Help me with this algorithm please

This is a discussion on Help me with this algorithm please within the C Programming forums, part of the General Programming Boards category; Picture: http://xs227.xs.to/xs227/08194/draw931.jpg I have this matrix where each cell has N of width and M of height. (I know they ...

  1. #1
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    Help me with this algorithm please

    Picture: http://xs227.xs.to/xs227/08194/draw931.jpg

    I have this matrix where each cell has N of width and M of height. (I know they appear to have diferent sizes but paint s*cks :P)


    I have the values of p1 and p2 (x and y) given by p1[x] and p1[y], p2[x] and so on...

    I have the (x,y) of the center C (of every cell, not only the 10th one).

    I know the size of the whole matrix given by P(width) and Q(height).

    The objective is: To find out all areas that include that blue box.
    In this example areas 5 6 7 8 9 10 11 12 13 and 14 include it.

    The box can have various sizes..
    I cant find a good algorithm, can you help me? Thanks!

  2. #2
    Banned master5001's Avatar
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    Usually I tell people who seem to think they need to get to Calculus III before they can program not to fret, but I am going to have to go ahead and suggest a couple more math classes to you, or at least a few hours of online tutorials.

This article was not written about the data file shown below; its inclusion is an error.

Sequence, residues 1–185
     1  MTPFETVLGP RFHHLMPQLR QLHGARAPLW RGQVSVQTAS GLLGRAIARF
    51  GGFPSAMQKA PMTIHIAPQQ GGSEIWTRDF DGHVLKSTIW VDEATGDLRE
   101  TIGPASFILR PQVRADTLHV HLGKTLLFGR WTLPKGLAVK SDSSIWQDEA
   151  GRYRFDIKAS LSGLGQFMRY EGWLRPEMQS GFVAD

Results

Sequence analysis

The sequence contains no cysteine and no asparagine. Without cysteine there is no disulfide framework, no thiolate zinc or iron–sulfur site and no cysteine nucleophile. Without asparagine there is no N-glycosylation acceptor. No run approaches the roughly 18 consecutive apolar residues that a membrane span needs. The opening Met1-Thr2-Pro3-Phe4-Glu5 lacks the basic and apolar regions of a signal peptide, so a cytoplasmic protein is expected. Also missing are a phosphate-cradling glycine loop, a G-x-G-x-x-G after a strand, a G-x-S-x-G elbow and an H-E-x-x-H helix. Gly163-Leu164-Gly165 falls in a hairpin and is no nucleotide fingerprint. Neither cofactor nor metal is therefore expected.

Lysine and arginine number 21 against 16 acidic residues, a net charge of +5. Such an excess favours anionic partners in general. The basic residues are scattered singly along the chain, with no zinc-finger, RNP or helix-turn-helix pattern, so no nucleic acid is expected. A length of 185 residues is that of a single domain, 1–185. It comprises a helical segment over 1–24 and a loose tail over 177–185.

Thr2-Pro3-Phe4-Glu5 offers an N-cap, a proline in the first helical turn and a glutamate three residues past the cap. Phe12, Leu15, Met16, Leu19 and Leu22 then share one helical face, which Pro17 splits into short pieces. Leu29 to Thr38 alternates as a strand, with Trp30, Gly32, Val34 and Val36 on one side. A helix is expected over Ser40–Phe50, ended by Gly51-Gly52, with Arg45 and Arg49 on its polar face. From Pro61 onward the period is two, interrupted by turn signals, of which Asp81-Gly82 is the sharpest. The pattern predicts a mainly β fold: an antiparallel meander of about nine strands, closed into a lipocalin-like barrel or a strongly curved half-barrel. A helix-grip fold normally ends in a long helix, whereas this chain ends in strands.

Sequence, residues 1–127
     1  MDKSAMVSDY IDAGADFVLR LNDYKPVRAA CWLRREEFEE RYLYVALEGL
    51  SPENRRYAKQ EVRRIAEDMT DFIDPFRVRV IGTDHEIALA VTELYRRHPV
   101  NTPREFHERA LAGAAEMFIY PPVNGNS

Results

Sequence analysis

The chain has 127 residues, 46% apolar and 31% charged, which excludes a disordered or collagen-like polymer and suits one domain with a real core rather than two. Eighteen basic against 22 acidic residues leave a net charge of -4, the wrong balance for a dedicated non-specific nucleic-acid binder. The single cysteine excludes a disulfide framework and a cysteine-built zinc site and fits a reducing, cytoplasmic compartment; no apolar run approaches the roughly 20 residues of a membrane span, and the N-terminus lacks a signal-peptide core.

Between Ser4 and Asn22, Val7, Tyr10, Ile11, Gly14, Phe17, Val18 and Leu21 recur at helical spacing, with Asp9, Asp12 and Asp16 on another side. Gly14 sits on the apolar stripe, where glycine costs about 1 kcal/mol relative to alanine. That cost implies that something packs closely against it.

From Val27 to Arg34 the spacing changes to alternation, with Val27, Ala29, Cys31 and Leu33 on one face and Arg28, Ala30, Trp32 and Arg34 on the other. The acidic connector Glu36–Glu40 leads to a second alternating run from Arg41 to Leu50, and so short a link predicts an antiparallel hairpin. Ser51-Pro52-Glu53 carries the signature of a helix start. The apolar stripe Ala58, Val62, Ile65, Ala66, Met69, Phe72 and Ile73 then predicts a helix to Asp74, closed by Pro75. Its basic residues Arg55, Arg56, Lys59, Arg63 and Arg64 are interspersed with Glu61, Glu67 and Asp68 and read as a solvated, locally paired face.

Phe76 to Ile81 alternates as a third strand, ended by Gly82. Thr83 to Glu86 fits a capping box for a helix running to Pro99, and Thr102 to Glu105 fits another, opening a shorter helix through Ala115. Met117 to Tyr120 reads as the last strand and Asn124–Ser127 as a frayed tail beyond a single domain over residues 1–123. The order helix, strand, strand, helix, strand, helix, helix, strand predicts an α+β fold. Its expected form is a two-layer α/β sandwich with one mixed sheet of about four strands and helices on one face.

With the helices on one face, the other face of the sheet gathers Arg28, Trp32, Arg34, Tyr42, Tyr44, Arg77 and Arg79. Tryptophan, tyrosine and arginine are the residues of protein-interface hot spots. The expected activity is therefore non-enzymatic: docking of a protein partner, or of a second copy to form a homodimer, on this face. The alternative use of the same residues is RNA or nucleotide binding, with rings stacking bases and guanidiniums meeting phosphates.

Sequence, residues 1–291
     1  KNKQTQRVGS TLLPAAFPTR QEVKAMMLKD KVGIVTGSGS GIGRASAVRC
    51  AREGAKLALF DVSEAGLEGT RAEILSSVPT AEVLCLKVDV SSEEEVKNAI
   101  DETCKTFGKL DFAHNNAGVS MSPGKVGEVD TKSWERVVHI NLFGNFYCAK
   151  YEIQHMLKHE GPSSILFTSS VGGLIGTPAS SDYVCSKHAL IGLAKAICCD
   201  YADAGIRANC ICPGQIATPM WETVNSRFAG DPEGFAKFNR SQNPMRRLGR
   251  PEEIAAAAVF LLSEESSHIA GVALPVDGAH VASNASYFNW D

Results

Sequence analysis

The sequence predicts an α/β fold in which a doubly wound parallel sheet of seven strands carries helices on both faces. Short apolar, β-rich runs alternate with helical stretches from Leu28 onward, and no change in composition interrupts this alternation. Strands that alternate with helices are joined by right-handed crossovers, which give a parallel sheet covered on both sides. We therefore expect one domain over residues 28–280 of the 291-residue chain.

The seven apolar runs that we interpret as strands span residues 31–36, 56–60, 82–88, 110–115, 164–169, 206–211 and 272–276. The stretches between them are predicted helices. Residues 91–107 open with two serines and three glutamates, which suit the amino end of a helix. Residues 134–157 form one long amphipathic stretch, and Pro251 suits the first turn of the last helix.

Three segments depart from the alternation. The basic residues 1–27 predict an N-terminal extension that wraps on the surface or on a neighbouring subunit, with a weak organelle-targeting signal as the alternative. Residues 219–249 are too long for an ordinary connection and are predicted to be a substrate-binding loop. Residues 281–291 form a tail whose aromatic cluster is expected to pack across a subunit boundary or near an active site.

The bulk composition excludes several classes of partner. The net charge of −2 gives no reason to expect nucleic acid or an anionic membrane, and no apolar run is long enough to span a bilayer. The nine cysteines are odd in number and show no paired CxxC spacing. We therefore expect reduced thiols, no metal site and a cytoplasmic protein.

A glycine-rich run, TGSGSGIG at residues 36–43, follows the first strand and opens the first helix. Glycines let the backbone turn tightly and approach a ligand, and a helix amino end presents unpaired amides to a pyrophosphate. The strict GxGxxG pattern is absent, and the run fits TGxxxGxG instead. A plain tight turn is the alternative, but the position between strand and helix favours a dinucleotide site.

If you know (x,y) is the center of an N by M square and you know which square (x,y) resides, you can certainly use basic algebra to calculate the absolute position of (x,y).

    Example:
    Code:
    In my example I am going to use some ascii art, and ignore your duplicate "5" square.
    
    Lets say you p2 is in some known relative location in square number 15.
    I hate 2d arrays so we can see that each row is 5N wide, thus a the row is mathematically,
    3M * 5N
    
    From there you can add the column which you desire, which in this case is the fourth one
    4N
    
    So we know you are dealing with square 3M * 5N + 4N (yes this could be simplified further, but we needn't mess with that now).
    That should get you started. On an important note: do not forget that when you are programming your geometry will be going the opposite direction and your counting will always be starting with 0.

  3. #3
    Jack of many languages Dino's Avatar
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    Since you know p1 and p2, you have their x & y values.

    Therefore, you get your minimum and maximum x values from p1 and p2, and get the min and max y values from p2.

    Then, if any square in your grid satisfies both conditions for x (min_x <= your square <= max_x) and the same for y, you have the answer you need.

    Todd
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